President Bush Announces New FDA Rules To Improve Access to Generic Medications
As expected, President Bush yesterday announced new FDA rules that will limit the ability of brand-name pharmaceutical companies to block the entry of generic medications into the market, the Wall Street Journal reports (Abboud, Wall Street Journal, 6/13). The regulations will allow brand-name pharmaceutical companies to receive only one 30-month delay in cases in which brand-name companies claim patent infringement by generic pharmaceutical companies; current law allows multiple delays (California Healthline, 6/12). In addition, brand-name pharmaceutical companies that make alleged false claims in the patent process could face criminal charges (Reynolds, Los Angeles Times, 6/13). Bush also said that he will ask the FDA not to block approval of generic medications over patent disputes that involve "minor issues," such as details about the packages used or the inclusion of ingredients not related to the effectiveness of the treatments, the New York Times reports (Stevenson, New York Times, 6/13). Bush, in an address at New Britain General Hospital in New Britain, Conn., said that the new rules will "bring generic drugs to the market much more quickly -- in some cases, years earlier" (White House release, 6/12). The regulations will save consumers, health insurers and other health care purchasers $35 billion over the next decade, according to FDA estimates. Generic medications account for about 50% of prescriptions written in the United States each year, but because they can cost less than two-thirds the price of brand-name treatments, they only account for 8% of annual expenditures on prescription drugs. The new regulations are similar to those included in a bill (S 1225) that the Senate Health, Education, Labor and Pensions Committee approved on Wednesday. However, the rules do not include a provision in the bill that would eliminate the 180 days of market exclusivity currently awarded to the first generic medication to reach the market in cases in which generic pharmaceutical companies enter anticompetitive agreements with brand-name companies (Wall Street Journal, 6/13). The new regulations will take effect Aug. 18 (Ibarguen, Knight Ridder/Philadelphia Inquirer, 6/13).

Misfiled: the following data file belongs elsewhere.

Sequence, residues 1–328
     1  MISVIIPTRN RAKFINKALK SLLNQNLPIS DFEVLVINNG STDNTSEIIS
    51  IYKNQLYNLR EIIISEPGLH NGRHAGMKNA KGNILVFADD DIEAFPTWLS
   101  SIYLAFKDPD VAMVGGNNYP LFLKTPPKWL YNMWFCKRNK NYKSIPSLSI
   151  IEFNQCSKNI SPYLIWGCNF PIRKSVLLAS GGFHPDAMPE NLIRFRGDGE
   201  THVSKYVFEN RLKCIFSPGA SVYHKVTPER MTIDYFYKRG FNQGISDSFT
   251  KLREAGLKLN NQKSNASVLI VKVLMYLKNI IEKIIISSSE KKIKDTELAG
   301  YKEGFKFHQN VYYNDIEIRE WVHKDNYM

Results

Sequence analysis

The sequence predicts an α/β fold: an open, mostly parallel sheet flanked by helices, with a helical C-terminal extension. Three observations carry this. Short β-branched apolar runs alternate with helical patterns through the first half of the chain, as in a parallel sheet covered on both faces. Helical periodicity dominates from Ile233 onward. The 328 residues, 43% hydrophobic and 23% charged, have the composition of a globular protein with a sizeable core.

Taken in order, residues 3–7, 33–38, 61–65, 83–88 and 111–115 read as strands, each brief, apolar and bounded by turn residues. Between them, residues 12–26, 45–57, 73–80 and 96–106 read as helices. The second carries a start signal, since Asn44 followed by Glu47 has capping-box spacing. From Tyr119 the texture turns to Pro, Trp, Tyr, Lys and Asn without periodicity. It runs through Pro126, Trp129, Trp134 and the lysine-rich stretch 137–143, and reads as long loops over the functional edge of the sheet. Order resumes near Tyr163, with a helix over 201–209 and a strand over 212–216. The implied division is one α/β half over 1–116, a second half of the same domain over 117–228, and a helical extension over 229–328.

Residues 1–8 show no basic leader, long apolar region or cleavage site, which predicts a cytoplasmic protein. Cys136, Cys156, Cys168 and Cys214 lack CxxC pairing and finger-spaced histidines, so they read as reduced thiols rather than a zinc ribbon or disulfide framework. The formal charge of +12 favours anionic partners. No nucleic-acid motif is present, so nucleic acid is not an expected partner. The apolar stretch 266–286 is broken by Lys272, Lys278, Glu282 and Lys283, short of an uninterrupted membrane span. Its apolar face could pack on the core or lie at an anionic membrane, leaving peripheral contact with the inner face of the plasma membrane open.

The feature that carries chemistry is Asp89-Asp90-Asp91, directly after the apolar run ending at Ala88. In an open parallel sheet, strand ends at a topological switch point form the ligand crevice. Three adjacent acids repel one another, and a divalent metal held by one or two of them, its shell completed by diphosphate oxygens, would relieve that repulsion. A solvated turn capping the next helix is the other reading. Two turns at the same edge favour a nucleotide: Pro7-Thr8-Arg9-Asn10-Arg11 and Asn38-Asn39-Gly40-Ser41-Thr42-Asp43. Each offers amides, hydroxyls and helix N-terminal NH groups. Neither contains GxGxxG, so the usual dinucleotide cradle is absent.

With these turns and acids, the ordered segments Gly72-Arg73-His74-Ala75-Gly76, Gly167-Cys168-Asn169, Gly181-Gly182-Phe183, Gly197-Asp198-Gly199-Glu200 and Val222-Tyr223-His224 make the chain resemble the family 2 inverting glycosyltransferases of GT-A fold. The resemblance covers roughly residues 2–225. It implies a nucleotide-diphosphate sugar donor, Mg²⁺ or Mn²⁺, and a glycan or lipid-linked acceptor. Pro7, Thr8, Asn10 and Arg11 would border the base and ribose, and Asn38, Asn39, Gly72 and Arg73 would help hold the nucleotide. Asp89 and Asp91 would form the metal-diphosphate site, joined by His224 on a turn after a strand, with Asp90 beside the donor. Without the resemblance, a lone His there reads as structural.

In addition to the new rules, FDA officials yesterday said that they will make internal reforms to reduce approval times for generic medications, the Washington Post reports (Milbank, Washington Post, 6/13). Over the next three to five years, the reforms will reduce by at least three months approval times for generic medications, according to HHS (HHS release, 6/12). FDA Commissioner Dr. Mark McClellan said that the agency has made improved availability of lower-cost generic medications "one of our major priorities" (Los Angeles Times, 6/13).
The generic pharmaceutical industry is "euphoric about the support it is getting from the Bush administration," according to the Journal (Wall Street Journal, 6/13). HHS Secretary Tommy Thompson said, "These changes will enable consumers to save billions of dollars each year by making it easier for generic drug manufacturers to get safe and effective products on the market" (HHS release, 6/12). However, opponents said that the new rules are "largely cosmetic, failing to address the broader variety of abuses the Senate legislation would resolve," Knight Ridder/Philadelphia Inquirer reports (Knight Ridder/Philadelphia Inquirer, 6/13). Sen. Charles Schumer (D-N.Y.), a sponsor of the Senate bill, said the regulations do not "go far enough" because they "could be knocked out by a lawsuit" and do not "provide a way for generics to challenge the listing of frivolous patents" (New York Times, 6/13). Ron Pollack, executive director of Families USA, said that the group favors the Senate legislation over the rules. He added that the regulations are part of an effort by the Bush administration to "derail protections that would enable seniors and others to get generics much more quickly" (Knight Ridder/Philadelphia Inquirer, 6/13). The Pharmaceutical Research and Manufacturers of America "signaled" opposition to the new regulations, as well as the Senate bill, the New York Times reports (New York Times, 6/13). According to the Post, the new rules are "a quick fix to reduce prescription costs" as Congress debates the addition of a prescription drug benefit to Medicare (Washington Post, 6/13). The announcement of the regulations also is part of a Bush effort to "address health care issues ahead of next year's election," the New York Times reports (New York Times, 6/13). PBS' "NewsHour With Jim Lehrer" yesterday included a report on the new rules ("NewsHour with Jim Lehrer," PBS, 6/12). A transcript of the report is available online.This is part of the California Healthline Daily Edition, a summary of health policy coverage from major news organizations. Sign up for an email subscription.